Our title is “The Search for Knowledge”: what do we know and how do we know it? Our Legend will be our key concepts which are outlined below and which predominate throughout the journey we are taking to knowledge, how we will come to define as knowledge what we discover. Our Grid will help provide the “place”, “the position”, or the “stand” of where and how the objects of knowledge are to be discerned, our Areas of Knowledge, our hypotheses and prostheses. The Compass provides us with the methodology, the sense of direction when we begin from our starting point, the manner and mode of how we will achieve this knowledge, how we will conduct our journey. This sense of direction is precluded and pre-determined and it will determine where we will arrive at what we will determine as knowledge. And the Scale will provide the measuring of that which we would call knowledge in relation to its “actuality” or “reality”. It is in the Scale that we will find the concept of what we call “truth”, for in the Scale is “judgement”.

The essay assessment will approach knowledge questions, what are called “second order questions” for the most part, on the Areas of Knowledge that have been chosen to be examined. How do “areas of knowledge” come about? What determines how things are defined and classified so that they will be placed in one area of knowledge and not in another? From where and how does this taxonomy originate? 

A number of important concepts and key terms are prominent in the study of TOK:  evidence, certainty, truth, interpretation, power, justification, explanation, objectivity, perspective, culture, values and responsibility. Many of these important concepts and key terms that are given in the Theory of Knowledge course are based on the Latinate origin of these terms in English because contemporary philosophical English is, for the most part, Latin in origin. This Latinate origin of philosophical thinking in our language is most important in how we come to interpret and to understand the meaning of the concepts handed over to us, of what we conceive our “personal knowledge” to be, and what and how we are to understand the knowledge that is given to us and to which we are indebted in the handing over to us of our traditions, the knowledge that comes to us from our communities. The understanding of these terms is “historical” for us in that their meaning and significance changes over time. Whether this is indeed the case is something that will have to be examined and interrogated.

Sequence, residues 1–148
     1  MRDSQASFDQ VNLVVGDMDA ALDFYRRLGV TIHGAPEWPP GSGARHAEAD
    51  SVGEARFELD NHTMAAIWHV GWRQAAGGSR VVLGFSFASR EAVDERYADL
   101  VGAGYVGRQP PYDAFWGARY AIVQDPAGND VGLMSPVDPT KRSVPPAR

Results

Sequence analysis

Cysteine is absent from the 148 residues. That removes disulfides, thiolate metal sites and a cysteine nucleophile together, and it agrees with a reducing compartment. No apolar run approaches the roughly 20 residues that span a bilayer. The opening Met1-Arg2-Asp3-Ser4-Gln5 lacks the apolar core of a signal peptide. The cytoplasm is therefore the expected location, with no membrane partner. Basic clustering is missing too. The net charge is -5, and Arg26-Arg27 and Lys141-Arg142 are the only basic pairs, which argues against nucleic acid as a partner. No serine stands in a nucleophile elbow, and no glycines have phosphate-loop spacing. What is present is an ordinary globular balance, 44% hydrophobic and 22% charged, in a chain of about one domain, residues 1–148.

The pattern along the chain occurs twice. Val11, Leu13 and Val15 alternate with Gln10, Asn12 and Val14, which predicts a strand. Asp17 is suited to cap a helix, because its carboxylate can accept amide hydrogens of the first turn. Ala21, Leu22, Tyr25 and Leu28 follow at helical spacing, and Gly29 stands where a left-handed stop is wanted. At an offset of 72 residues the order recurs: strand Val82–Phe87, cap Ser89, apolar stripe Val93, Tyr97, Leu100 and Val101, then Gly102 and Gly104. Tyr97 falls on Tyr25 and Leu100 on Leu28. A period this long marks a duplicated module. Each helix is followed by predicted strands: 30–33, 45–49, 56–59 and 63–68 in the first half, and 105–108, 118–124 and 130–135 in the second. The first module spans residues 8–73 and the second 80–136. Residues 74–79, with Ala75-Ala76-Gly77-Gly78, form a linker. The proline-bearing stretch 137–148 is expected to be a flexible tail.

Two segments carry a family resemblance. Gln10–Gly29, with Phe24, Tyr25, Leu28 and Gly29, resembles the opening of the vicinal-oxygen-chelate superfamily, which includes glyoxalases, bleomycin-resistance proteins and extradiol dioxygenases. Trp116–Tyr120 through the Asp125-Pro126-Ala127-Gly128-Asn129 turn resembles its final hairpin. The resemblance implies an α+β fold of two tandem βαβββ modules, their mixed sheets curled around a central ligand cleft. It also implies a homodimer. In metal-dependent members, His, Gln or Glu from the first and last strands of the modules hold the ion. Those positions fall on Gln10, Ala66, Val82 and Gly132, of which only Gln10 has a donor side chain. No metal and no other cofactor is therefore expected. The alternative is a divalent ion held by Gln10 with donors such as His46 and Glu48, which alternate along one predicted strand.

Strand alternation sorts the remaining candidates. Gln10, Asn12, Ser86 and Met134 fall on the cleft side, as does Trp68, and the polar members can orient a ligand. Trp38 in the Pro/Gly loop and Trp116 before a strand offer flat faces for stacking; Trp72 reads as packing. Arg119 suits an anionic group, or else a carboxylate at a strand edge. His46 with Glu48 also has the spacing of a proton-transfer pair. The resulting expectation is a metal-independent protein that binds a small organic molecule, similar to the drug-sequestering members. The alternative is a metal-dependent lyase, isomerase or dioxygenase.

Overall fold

Thinking about technology, for instance, requires us to re-determine the meaning of the sense of essence or how we understand what something is (“things” and “concrete situations”), and in this re-determination to hear what is being said in our word “technology”. This re-determination of the sense of essence, of what we think something is, is one that allows us to see the illumination of truth as it is understood in the Diploma program (and in the English-speaking West in general) as the truth revealed to us through the seeing and hearing that is called “technology”. How we will see and hear has been pre-determined for us long before our arrival on this planet as individuals.

We think of essence as a ‘one’ which many things have in common; the many human beings have the one essence, “humanity”, in common; the many trees have one essence, “treeness”, in common. The essence is, therefore, the universal concept or genus, while the individuals are the various species or single cases. In order to grasp what many things have in common, we must first go about and see or “experience” the individual things. From this “experience” we can abstract out from the individuals that respect in which they are alike. The individuals precede the essence in our experience and the individuals are instances of the essence. What those individual things are is defined or determined by the “conceptual tools” we use that determine our viewing, our way of looking upon the things. This determination is our judgement of the things which is given to others through language. This is the essence of the TOK assessment called “the Exhibition”.